The Grand Theft Auto VI Leaks were big news for all sorts of reasonsbut one of the more interesting topics of discussion has been the revival of a discussion about how “bad” a game can look to the public.
Like I said the other dayalthough there have been and always will be assholes who say the stupidest things, I think the vast majority of normal people, when faced with images like the one we saw of GTA VIthink either “neat” or “wow, that’s really cool to see the sausage made like this”.
Part of that fascination, of course, comes from the fact that in a state like this we hardly ever get to see big games! And if the GTA leak does nothing else, I hope it can at least help normalize the idea (at least to the general public) that, no, these games don’t look “bad” when they’re being worked on, they just look like they’re being worked on.
In the wake of the leaks and wider discussion about a game’s visuals during development, a number of other developers and studios have come forward and shared images of what their games looked early. And it’s all great, every last frame of it.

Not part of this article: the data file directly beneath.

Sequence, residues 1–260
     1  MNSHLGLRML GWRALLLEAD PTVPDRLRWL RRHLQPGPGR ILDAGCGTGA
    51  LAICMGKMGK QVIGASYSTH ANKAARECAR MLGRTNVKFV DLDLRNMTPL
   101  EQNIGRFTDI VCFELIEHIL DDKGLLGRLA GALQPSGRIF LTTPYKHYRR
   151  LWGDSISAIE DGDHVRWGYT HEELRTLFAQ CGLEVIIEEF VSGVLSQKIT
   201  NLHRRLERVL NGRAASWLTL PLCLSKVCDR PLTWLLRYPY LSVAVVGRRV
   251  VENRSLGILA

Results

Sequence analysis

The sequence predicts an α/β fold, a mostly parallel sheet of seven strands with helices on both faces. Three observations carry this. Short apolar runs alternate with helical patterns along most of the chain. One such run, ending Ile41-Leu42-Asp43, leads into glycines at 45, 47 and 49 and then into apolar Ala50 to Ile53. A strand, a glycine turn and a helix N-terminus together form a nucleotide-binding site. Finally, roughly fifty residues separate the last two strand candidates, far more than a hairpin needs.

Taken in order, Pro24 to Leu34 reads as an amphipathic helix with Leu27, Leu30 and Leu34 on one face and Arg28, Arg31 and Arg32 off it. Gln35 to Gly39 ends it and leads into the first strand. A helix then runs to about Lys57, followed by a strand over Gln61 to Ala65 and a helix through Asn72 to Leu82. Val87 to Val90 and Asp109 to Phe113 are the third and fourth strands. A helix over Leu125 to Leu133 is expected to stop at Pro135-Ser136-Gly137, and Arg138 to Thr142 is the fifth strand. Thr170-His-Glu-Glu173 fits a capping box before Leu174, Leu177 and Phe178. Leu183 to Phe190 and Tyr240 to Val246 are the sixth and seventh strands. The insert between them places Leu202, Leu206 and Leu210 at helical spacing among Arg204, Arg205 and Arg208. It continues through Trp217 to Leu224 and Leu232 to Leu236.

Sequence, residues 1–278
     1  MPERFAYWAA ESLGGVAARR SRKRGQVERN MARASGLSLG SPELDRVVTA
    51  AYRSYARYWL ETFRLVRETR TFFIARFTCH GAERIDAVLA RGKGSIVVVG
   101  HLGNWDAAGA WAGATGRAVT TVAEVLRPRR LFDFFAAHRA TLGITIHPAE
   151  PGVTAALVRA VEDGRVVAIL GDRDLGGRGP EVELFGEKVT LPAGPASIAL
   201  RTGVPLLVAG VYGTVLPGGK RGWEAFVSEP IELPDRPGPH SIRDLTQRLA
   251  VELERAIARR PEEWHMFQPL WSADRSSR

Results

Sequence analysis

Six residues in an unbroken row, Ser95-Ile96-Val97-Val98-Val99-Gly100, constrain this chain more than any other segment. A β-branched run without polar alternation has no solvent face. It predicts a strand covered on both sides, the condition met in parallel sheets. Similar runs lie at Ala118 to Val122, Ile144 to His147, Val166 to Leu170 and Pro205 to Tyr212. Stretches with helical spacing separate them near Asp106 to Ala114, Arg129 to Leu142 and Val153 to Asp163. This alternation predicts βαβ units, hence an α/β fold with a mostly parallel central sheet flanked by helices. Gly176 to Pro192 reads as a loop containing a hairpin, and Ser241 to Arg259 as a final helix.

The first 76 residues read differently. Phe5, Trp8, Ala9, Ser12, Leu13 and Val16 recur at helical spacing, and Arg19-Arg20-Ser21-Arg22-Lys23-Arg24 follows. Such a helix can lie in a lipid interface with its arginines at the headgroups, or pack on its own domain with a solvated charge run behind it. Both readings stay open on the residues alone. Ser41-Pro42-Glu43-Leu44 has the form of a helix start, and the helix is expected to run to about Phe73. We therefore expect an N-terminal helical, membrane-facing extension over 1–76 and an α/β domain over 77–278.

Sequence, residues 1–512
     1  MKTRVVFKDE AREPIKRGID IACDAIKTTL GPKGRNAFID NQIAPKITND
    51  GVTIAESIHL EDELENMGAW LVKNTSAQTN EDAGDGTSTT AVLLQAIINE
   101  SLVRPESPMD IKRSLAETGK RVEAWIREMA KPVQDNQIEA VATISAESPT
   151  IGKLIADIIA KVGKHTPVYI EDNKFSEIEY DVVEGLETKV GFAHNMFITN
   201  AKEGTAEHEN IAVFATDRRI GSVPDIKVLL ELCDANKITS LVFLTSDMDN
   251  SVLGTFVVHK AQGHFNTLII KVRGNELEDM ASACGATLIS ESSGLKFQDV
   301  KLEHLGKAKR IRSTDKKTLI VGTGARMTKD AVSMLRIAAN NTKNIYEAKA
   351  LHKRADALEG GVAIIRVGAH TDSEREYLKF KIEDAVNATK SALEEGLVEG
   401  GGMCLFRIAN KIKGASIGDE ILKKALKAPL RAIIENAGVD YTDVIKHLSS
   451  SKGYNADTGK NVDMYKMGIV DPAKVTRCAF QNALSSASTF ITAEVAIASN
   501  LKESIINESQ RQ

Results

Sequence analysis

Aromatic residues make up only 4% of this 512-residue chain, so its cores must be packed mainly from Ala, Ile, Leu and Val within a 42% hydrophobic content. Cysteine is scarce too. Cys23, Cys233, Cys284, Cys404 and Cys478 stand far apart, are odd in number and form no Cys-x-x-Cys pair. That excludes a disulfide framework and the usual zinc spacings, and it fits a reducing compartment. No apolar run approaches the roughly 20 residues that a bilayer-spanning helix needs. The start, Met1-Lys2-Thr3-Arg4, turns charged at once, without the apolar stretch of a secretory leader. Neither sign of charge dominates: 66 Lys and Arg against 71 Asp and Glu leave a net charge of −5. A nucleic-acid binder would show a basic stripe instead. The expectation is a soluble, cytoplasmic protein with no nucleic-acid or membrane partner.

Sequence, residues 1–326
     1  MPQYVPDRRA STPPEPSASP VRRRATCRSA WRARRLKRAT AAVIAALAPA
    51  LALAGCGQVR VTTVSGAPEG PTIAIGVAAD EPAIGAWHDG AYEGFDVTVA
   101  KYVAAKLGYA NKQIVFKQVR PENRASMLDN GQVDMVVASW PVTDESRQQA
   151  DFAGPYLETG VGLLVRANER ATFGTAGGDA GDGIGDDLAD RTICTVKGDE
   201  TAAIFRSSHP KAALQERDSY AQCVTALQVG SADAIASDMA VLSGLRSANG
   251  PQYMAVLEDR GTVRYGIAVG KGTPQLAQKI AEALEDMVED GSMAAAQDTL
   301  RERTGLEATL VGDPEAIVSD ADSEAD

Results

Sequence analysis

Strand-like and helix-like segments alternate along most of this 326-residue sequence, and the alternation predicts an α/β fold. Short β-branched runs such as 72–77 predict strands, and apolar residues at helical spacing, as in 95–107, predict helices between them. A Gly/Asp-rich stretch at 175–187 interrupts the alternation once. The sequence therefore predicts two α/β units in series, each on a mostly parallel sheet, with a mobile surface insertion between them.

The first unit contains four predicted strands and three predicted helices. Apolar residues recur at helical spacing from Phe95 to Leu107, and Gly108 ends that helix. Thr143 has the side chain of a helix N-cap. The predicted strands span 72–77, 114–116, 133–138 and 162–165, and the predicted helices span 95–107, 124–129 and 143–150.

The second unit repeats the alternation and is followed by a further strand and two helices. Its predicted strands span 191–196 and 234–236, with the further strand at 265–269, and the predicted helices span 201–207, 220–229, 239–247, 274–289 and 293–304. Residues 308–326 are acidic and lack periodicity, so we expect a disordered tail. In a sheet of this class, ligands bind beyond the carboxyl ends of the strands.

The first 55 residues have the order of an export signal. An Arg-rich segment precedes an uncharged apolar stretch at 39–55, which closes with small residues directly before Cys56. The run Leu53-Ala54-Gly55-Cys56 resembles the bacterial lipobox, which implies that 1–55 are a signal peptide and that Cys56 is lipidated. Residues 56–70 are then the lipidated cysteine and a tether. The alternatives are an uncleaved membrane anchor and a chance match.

Before we go any further, you should know that some of these comments that you will see refer to the Tweet you see above, which was very bad and which – in addition to the GTA leak itself – has prompted many developers to drop (or dig up) much of this footage.
The first is Controls chief designer Paul Ehreth, who earlier today tweeted:
Since graphics are the first thing finished in a video game and CONTROL has won multiple awards for outstanding graphics, here are some footage from the beginning of the development 🙂
The team behind it also joked about the “first thing done” tweet Cult of the Lamb:
Next we have Frozen synapsethat a year before it became one of the most important tactics games of all time, was a BBC Micro adventure game:
this is what Sea of Thieves looked like in 2014 (that is four years for the final release):
One of the funniest/best was shared by immortality Sam Barlow, who says “This is what Immortality looked like for the first 2 years where we focused on balancing the AI and combat gameplay”:
This is what that scene looked like in the finished game:
UPDATE: And here’s Uncharted!
In addition to developers sharing their own work, here are a few more notable (and rare) examples of studios sharing images in development: